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4.0 out of 5 stars Orientalism in Art, 13 Jun 2012
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This review is from: The Lure of the East: British Orientalist Painting (Hardcover)
This is a review of the book that accompanied the British Orientalist Painting exhibition at the Tate in the summer of 2008. It comprises the usual set of full colour plates of the exhibition's contents plus a set of essays for a fuller consideration. It should not surprise the reader that Edward Said's seminal book lurks in every corner; indeed, reference to Said's work is made as early as the second paragraph of the foreword. Some of the essays argue subtle mutually contradictory viewpoints, which only goes to demonstrate how the debate inspired by Said shows no sign of abating.

The book's editor, Nicholas Tromans, writes in his extensive introduction that, "This book sets out to explore the history of British Orientalist imagery," making some comparisons too with the French variety. But the French modernists, eschewing the need for classical depictions, eventually turned their backs on the Orient. The British were not far behind: "After the full impact of Post-Impressionism on British art in the 1910s, the kind of picture-making with which this book is concerned comes to an end. Faith in the transparently truthful painting was no longer sustainable."

Tromans confirms that, "from the start, we already find ourselves in the hot waters of the Orientalism debate sparked by the book of that name, published in 1978 by the late Edward Said." Tromans goes on to write how "Said was primarily interested in the relationships between texts, but art historians have since sought to transpose some of his interpretations from literature to images."

Before the plates there are three essays, all of which cannot fail to ignore Said. In the first essay, `Cultures Crossed: John Frederick Lewis and the Art of Orientalist Painting', Emily Weeks uses one of Lewis's paintings to show that all is not necessarily how it seems, concluding "While our received wisdom concerning Orientalism would compel us to believe that Lewis used his technical prowess to celebrate Britain's convictions of cultural superiority in the nineteenth century, a new reading might suggest that he used it to question the beliefs of his subjects - and, more importantly, those who viewed them."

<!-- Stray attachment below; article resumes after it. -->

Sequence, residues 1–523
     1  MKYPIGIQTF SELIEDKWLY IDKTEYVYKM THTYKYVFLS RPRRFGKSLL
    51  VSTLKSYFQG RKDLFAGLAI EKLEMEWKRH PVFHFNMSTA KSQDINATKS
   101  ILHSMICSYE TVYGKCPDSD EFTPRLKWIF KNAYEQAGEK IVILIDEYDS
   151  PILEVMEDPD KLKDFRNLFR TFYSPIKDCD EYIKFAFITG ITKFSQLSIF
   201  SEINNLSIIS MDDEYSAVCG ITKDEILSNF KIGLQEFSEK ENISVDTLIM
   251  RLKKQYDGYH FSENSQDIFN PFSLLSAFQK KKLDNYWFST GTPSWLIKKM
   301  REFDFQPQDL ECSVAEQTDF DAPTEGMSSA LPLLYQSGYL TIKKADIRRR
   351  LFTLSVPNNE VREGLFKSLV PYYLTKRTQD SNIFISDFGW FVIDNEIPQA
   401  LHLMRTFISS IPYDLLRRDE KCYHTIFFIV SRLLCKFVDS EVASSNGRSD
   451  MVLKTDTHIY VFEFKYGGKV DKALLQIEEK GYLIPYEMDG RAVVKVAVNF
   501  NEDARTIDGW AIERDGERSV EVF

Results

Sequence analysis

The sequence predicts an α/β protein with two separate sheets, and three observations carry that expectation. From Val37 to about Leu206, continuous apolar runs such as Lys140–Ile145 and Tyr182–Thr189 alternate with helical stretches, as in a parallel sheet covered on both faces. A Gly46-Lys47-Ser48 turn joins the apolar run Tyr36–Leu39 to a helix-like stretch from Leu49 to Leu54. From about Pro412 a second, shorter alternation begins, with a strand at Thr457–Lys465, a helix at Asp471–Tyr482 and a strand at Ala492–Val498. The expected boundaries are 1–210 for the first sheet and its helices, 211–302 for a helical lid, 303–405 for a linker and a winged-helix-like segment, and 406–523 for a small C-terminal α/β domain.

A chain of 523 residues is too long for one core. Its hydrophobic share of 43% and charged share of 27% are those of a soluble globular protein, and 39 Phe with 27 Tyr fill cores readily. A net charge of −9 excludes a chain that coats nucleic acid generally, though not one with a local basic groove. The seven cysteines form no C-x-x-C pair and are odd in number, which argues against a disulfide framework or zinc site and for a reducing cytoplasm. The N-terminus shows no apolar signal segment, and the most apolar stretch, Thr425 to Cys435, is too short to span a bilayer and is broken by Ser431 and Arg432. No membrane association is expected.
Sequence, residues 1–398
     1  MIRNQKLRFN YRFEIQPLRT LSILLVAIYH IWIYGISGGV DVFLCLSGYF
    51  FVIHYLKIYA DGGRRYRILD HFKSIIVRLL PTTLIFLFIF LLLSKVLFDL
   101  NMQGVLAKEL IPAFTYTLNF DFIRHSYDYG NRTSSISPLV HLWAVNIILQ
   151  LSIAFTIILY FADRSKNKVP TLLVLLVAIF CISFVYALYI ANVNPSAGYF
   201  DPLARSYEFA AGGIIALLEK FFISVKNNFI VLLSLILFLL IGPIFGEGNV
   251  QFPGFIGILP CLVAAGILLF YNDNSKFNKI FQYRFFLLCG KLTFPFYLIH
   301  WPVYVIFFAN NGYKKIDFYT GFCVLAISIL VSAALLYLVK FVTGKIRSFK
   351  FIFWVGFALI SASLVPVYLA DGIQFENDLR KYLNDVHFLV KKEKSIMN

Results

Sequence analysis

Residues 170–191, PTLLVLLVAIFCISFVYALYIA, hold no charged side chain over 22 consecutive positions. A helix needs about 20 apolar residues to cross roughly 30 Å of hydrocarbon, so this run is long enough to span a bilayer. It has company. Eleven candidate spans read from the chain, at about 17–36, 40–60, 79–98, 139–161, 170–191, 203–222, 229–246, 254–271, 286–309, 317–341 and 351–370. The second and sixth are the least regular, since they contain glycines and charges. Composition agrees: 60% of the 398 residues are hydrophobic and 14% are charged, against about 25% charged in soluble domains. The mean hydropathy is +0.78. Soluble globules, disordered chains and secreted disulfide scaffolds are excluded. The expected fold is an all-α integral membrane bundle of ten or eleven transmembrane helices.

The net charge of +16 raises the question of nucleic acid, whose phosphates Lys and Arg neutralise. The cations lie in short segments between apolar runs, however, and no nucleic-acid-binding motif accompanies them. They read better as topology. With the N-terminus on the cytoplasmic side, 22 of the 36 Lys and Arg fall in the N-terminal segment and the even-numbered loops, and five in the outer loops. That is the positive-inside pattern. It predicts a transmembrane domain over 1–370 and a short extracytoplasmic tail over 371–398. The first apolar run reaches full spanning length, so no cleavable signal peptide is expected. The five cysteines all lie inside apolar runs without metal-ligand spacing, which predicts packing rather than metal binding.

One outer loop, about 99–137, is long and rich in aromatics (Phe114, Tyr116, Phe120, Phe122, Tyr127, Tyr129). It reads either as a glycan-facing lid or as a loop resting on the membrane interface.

In `Seduced by Samar, or: How British Orientalist Painters Learned to Stop Worrying and Love the Darkness', Fatema Mernissi argues in a refreshingly unacademic essay argues against Said's Orientalism, seeing the artists in the exhibition embracing the Islamic concept of `samar' (the night, dreams, moonlight) and of the abstract arabesque. She writes how Lewis "behaved as a man hypnotised by the dark and by abstract symbols, no matter if he was painting a harem, a courtyard, a school or a shop." (Interestingly, I found her depiction of western views could be as falsely stereotypical as those of the Orientalists.)

The final essay, `Regarding Orientalist Painting Today' by Rena Kabbani, attempts to seek a contemporary relevance for Orientalist paintings. She succeeds: "If the British military occupation of Egypt inspired some of the striking paintings in this exhibition, what images might future generations retain of the present-day occupation of Iraq?" Here we enter the dark realms of such places and events as Abu Ghraib. And like the colonial soldiers forcibly occupying the land, the painter did/does the same for the western voyeur. Kabbani contends that, despite their "beguiling beauty", painters ignored the politics and "were content to paint a static world of exquisite interface".

As well as these three essays, the book also has introductions to each of the five sections into which the exhibition was divided. These are: 1. Portraiture, from the early seventeenth-century portrait of Sir Robert Shirley, envoy to the Shah of Persia, to Augustus John's famous portrait of Lawrence of Arabia; 2. Genre and Gender in Cairo and Constantinople, which features scenes of the everyday; 3. Landscape, featuring the work of David Roberts, Holman Hunt, and the brilliant (and under-rated) Edward Lear; 4. Harem and Home, the myth and reality of "the defining symbol of the Orient for Europeans"; and 5. Religion, English Protestant responses to a Holy Land inhabited by Muslims and Jews.

So, all in all, an excellent catalogue to an excellent exhibition. But there's more: as well as endnotes, a bibliography, and an index, there is an appendix comprising six pages of biographies of forty artists.
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Nicholas Casley

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